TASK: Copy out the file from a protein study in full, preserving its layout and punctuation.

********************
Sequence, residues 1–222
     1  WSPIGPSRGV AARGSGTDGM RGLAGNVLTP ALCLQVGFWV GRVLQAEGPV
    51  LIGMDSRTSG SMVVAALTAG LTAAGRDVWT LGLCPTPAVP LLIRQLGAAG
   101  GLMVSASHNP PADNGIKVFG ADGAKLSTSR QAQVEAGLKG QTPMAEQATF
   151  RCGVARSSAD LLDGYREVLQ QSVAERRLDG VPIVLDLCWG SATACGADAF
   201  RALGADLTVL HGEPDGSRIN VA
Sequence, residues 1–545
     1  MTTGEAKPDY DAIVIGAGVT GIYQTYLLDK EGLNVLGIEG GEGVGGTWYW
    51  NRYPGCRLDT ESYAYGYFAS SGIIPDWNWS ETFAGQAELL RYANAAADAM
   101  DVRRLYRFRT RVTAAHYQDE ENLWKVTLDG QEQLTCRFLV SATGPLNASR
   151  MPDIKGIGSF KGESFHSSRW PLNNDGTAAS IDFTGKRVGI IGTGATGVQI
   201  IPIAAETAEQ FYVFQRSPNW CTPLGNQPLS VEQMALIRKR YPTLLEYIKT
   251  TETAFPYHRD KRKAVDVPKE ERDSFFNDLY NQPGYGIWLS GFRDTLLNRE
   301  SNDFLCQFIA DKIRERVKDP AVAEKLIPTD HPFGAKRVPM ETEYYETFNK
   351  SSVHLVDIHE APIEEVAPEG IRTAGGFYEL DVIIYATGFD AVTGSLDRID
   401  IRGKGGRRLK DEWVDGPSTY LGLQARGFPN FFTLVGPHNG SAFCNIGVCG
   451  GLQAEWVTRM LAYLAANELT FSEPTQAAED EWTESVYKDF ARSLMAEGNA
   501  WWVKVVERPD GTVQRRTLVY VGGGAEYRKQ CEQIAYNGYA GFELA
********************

Sequence, residues 1–222
     1  WSPIGPSRGV AARGSGTDGM RGLAGNVLTP ALCLQVGFWV GRVLQAEGPV
    51  LIGMDSRTSG SMVVAALTAG LTAAGRDVWT LGLCPTPAVP LLIRQLGAAG
   101  GLMVSASHNP PADNGIKVFG ADGAKLSTSR QAQVEAGLKG QTPMAEQATF
   151  RCGVARSSAD LLDGYREVLQ QSVAERRLDG VPIVLDLCWG SATACGADAF
   201  RALGADLTVL HGEPDGSRIN VA
Sequence, residues 1–545
     1  MTTGEAKPDY DAIVIGAGVT GIYQTYLLDK EGLNVLGIEG GEGVGGTWYW
    51  NRYPGCRLDT ESYAYGYFAS SGIIPDWNWS ETFAGQAELL RYANAAADAM
   101  DVRRLYRFRT RVTAAHYQDE ENLWKVTLDG QEQLTCRFLV SATGPLNASR
   151  MPDIKGIGSF KGESFHSSRW PLNNDGTAAS IDFTGKRVGI IGTGATGVQI
   201  IPIAAETAEQ FYVFQRSPNW CTPLGNQPLS VEQMALIRKR YPTLLEYIKT
   251  TETAFPYHRD KRKAVDVPKE ERDSFFNDLY NQPGYGIWLS GFRDTLLNRE
   301  SNDFLCQFIA DKIRERVKDP AVAEKLIPTD HPFGAKRVPM ETEYYETFNK
   351  SSVHLVDIHE APIEEVAPEG IRTAGGFYEL DVIIYATGFD AVTGSLDRID
   401  IRGKGGRRLK DEWVDGPSTY LGLQARGFPN FFTLVGPHNG SAFCNIGVCG
   451  GLQAEWVTRM LAYLAANELT FSEPTQAAED EWTESVYKDF ARSLMAEGNA
   501  WWVKVVERPD GTVQRRTLVY VGGGAEYRKQ CEQIAYNGYA GFELA